Tangerine Dream was a rock and roll outfit, although not afraid to
experiment. They gathered a strong underground following- mainly
politically-minded students rebelling against the establishments
against the past, in fact, against anything conventional. This set
the pace for the band, and they developed their 'free' music.

     Their first gig was in Berlin in January 1968 following four
months of solid rehearsal. The student uprisings of that year were
an important factor in determining the band's direction. They
performed frequently for five or six hours a night at the Berlin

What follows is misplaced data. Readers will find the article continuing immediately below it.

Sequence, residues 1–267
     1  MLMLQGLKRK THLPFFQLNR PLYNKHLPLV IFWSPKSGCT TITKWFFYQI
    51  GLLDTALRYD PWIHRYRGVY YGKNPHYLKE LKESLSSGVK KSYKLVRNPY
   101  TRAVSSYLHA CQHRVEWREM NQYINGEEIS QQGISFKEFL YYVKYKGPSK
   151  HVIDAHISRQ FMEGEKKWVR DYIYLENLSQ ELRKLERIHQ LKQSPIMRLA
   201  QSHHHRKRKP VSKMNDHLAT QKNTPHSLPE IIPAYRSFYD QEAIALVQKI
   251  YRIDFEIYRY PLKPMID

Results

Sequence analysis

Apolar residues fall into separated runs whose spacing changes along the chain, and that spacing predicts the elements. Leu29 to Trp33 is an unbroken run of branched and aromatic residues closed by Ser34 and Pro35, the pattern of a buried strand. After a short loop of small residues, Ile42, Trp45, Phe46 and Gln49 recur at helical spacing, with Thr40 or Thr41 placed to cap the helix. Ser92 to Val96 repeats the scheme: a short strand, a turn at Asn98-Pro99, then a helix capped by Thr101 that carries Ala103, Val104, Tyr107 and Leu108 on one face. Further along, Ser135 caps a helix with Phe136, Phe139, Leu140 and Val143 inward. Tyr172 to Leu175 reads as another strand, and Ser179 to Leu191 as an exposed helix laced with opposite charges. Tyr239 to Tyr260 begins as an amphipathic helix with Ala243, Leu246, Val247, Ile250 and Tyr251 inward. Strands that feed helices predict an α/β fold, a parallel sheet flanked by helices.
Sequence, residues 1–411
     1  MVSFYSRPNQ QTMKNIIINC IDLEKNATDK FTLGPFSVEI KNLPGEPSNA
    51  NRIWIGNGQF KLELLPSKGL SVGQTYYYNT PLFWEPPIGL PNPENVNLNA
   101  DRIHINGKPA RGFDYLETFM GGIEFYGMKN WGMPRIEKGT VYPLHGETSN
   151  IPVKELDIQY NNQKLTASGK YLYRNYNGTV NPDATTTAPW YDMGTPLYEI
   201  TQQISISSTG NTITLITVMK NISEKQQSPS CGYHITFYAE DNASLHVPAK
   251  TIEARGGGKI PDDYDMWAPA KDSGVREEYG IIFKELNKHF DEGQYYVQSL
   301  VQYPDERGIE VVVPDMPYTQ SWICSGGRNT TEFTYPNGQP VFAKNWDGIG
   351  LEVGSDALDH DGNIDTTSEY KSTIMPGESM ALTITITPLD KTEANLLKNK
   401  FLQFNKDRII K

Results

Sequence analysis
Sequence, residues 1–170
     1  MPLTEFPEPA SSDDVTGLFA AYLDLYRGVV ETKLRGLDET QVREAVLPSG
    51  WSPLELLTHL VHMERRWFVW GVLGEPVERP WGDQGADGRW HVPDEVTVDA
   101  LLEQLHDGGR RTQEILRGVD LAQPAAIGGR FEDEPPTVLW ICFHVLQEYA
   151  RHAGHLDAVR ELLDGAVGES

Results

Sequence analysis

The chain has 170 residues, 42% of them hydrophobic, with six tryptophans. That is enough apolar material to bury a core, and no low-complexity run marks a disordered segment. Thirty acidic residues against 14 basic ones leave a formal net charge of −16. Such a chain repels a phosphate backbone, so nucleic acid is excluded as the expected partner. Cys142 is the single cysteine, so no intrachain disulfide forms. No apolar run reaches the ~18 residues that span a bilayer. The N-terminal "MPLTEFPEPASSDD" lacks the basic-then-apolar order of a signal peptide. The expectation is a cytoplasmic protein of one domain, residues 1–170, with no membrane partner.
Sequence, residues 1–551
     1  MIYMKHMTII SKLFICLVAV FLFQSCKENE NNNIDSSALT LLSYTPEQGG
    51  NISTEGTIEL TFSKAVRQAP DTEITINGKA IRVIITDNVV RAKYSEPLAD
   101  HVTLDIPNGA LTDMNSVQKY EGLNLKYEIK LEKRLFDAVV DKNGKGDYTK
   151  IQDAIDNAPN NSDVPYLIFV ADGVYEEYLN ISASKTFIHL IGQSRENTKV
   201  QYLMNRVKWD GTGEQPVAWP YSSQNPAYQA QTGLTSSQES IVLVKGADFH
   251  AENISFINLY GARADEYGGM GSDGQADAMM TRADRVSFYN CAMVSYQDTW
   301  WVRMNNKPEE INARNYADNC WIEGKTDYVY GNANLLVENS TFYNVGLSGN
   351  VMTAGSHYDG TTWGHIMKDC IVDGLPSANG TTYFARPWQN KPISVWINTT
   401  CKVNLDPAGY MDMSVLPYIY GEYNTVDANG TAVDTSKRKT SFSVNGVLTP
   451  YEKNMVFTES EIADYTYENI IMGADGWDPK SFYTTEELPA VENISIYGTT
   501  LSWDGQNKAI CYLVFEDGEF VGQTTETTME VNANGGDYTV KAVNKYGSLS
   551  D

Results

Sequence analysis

Zodiac Club, where one room was totally white and the other was
totally black. In such an atmosphere it was comparatively easy to
shed all one's conditional preconceptions of music.

     However, despite a strong underground following, Tangerine
Dream was not exactly a commercial success and the band split up in
March 1969. Froese persisted with two more formations, but these
were also short-lived.  Then in November 1969 Froese teamed up with
Klaus Schulze (drums) and Conny Schnitzler (cello, flute and
violin). They made an experimental tape spiced with sound effects,
and to their great surprise this landed them a recording deal with
Ohr Musik in Berlin.  The first fruit of this relationship was
'Electronic Meditation', released in 1970. Schulze then went his
own way, and Froese recruited a guy who had a reputation for being
one of the best young jazz drummers in Germany. His name was
Christoph Franke.

     Froese, Franke and Steve Shroyder (who had replaced